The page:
Archive for November, 2012|Monthly archive page

High touch vs the System

Maybe all systems with human beings are like this to some degree, but there are tangles that can be unraveled with either a billion emails OR five minutes on the phone. There are times when all the databases and trouble tickets and email confirmations in the world can’t provide the visceral satisfaction that yes, your problem was heard and you are a person deserving of time and attention.

We’re a very distributed team, we really only come together for one big weekend a year. It’s amazing that, with so little face to face time, we don’t have even more miscommunications and upsets than we do.

Thinking about the Debrief

Every year the convention has a debrief for staff after the convention in which we attempt to talk about what has happened in the organizational year  and  find out the lessons learned. I don’t know if I could possibly have resisted posting about it before.  It’s pure candy for those of us who are totally fascinated with how the wheels work behind the scenes.

I say “attempt” because while we do collect a large amount of valuable information, it’s a very formal meeting without a lot of give and take.  Sort of “debrief theater”  rather than the real work of figuring out how to change.  (There are reasons not to do that work in a group of 100 people, for one thing the meeting has to end before midnight,  but I do wonder if there are other ways to make that meeting actually productive.)

But that’s not what I want to write about today.   I have been in the part of the project where I’m severely self-critical of everything that is going askew in the planning, and as there are too many details for any one person to possibly know about and there are lots of people trying to work together with incomplete information and not enough time,  well…   things go awry. Askew. In error.  Pear-shaped.  Less than optimally.   Dead wrong, even.  All the time.  Every day.   And so I am thinking, often, of the retrospective prime directive as found in the  Agile programming community:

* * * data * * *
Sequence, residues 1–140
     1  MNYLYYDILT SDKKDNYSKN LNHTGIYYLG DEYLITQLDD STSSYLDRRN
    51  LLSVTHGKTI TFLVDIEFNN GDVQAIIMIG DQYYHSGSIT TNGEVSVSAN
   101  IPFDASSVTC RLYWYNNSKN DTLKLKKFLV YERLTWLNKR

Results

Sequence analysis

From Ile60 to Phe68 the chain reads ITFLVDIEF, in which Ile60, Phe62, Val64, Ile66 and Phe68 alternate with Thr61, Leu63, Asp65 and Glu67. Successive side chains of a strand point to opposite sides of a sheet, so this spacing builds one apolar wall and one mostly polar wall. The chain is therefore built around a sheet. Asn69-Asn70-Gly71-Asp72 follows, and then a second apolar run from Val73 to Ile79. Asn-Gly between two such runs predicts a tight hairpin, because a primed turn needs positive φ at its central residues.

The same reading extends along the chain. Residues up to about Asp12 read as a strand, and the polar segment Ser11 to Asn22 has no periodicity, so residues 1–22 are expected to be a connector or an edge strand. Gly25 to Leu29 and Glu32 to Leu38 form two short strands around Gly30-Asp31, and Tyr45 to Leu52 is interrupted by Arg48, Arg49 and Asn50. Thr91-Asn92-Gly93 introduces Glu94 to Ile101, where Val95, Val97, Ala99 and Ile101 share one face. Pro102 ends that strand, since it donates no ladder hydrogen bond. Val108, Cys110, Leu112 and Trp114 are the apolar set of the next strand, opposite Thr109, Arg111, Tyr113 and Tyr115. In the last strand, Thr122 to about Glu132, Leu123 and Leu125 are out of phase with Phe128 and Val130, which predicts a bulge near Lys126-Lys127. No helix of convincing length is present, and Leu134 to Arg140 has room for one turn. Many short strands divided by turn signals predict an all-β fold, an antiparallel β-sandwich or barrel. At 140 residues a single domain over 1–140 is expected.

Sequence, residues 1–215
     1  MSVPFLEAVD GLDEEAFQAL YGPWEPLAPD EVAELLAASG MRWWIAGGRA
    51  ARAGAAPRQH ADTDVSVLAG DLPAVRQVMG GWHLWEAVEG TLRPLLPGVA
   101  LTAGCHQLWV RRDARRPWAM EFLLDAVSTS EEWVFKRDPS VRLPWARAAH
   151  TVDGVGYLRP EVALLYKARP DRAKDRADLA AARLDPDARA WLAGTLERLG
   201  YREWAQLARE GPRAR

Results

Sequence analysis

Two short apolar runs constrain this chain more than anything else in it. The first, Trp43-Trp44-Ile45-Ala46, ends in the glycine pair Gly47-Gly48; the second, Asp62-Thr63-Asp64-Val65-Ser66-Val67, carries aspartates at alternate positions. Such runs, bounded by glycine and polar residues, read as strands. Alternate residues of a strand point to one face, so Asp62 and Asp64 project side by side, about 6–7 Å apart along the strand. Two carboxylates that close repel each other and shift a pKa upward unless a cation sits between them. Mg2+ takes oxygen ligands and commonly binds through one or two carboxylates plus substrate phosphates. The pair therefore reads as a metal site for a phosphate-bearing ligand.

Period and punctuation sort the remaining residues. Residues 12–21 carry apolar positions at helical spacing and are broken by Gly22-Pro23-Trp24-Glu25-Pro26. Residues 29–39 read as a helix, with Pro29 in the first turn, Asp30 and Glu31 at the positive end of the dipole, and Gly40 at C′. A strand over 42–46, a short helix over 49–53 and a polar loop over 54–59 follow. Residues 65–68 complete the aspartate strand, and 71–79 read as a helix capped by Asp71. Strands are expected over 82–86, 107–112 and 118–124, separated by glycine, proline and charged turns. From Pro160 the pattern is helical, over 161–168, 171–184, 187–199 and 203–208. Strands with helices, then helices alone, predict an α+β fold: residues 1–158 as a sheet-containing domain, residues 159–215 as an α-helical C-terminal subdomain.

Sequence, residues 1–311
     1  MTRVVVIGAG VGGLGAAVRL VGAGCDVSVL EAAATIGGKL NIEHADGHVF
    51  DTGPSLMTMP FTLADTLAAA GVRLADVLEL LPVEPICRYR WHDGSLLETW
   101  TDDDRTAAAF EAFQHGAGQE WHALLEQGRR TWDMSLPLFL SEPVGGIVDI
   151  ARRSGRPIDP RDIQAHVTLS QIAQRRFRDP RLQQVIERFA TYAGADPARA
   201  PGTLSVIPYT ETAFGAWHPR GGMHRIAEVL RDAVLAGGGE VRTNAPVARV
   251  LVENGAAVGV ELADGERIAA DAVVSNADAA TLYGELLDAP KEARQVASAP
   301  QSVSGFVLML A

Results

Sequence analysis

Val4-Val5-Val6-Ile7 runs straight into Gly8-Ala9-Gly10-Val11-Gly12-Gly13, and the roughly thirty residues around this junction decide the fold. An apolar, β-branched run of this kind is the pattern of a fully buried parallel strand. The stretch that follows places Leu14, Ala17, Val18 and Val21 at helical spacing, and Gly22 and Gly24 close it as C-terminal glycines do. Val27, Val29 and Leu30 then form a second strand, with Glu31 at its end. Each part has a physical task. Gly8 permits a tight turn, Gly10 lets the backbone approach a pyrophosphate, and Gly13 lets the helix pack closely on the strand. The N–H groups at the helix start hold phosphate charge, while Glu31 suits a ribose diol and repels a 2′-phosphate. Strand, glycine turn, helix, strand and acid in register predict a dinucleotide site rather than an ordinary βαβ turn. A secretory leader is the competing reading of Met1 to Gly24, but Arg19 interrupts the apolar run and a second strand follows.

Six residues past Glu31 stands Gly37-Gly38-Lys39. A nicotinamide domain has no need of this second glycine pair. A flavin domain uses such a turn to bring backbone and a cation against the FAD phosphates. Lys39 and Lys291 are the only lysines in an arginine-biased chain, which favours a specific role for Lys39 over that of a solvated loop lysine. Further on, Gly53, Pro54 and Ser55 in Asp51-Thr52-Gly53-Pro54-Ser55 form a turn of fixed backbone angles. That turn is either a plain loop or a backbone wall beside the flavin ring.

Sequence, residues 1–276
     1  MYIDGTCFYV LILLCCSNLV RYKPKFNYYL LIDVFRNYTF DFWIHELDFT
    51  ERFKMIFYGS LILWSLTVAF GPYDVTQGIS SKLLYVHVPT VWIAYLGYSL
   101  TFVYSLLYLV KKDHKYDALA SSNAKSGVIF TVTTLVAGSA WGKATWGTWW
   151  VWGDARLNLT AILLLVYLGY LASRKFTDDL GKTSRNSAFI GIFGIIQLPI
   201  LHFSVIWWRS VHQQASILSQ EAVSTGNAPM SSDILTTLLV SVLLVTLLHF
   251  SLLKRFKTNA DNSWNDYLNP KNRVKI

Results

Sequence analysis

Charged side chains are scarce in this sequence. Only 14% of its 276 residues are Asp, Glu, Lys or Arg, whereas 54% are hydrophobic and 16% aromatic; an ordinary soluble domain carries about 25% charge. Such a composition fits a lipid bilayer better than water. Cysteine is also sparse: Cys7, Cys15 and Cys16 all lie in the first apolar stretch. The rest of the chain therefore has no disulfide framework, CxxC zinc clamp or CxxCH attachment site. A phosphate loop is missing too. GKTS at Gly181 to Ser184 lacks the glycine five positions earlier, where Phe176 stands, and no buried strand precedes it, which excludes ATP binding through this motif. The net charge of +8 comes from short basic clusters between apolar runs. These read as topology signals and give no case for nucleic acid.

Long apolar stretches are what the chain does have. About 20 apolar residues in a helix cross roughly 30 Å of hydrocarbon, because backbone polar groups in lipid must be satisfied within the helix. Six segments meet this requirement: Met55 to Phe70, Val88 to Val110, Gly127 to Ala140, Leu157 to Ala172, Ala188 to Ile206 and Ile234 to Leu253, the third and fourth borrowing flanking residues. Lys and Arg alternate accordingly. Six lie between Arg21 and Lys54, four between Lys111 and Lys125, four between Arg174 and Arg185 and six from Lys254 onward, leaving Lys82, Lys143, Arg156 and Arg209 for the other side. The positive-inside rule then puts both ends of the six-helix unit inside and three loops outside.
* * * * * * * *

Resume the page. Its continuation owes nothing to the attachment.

Regardless of what we discover, we understand and truly believe that everyone did the best job they could, given what they knew at the time, their skills and abilities, the resources available, and the situation at hand. 

As useful as these words are in guiding my interactions with others,  it’s grace to be able to believe that they apply to me as well.


Silent resignations

Somewhere out there is Schroedinger’s Volunteer.  Maybe she’s  doing the job and maybe she isn’t, who knows because there’s been total silence.  No bad news but no good news either.

When you ask this volunteer for a status update and then find out that, in fact, nothing is happening — “too much life” is the usual excuse — not only are you down one on the team, but precious weeks have gone by and problems are harder to fix.

Silent resignations of this type are the worst, because for me they damage my trust in the team as a whole and leave me wondering “What else don’t I know?” .

Seriously folks, if you’re not going to do a job or you can’t do a job, just tell someone.  That may be damaging to your pride in the moment, but it’s far less damaging to the team than not doing something and letting people discover the fact later on.  Specifically, waiting until someone asks you for an update and then letting them know that, in your mind you quit the project 2 weeks ago?  Not cool.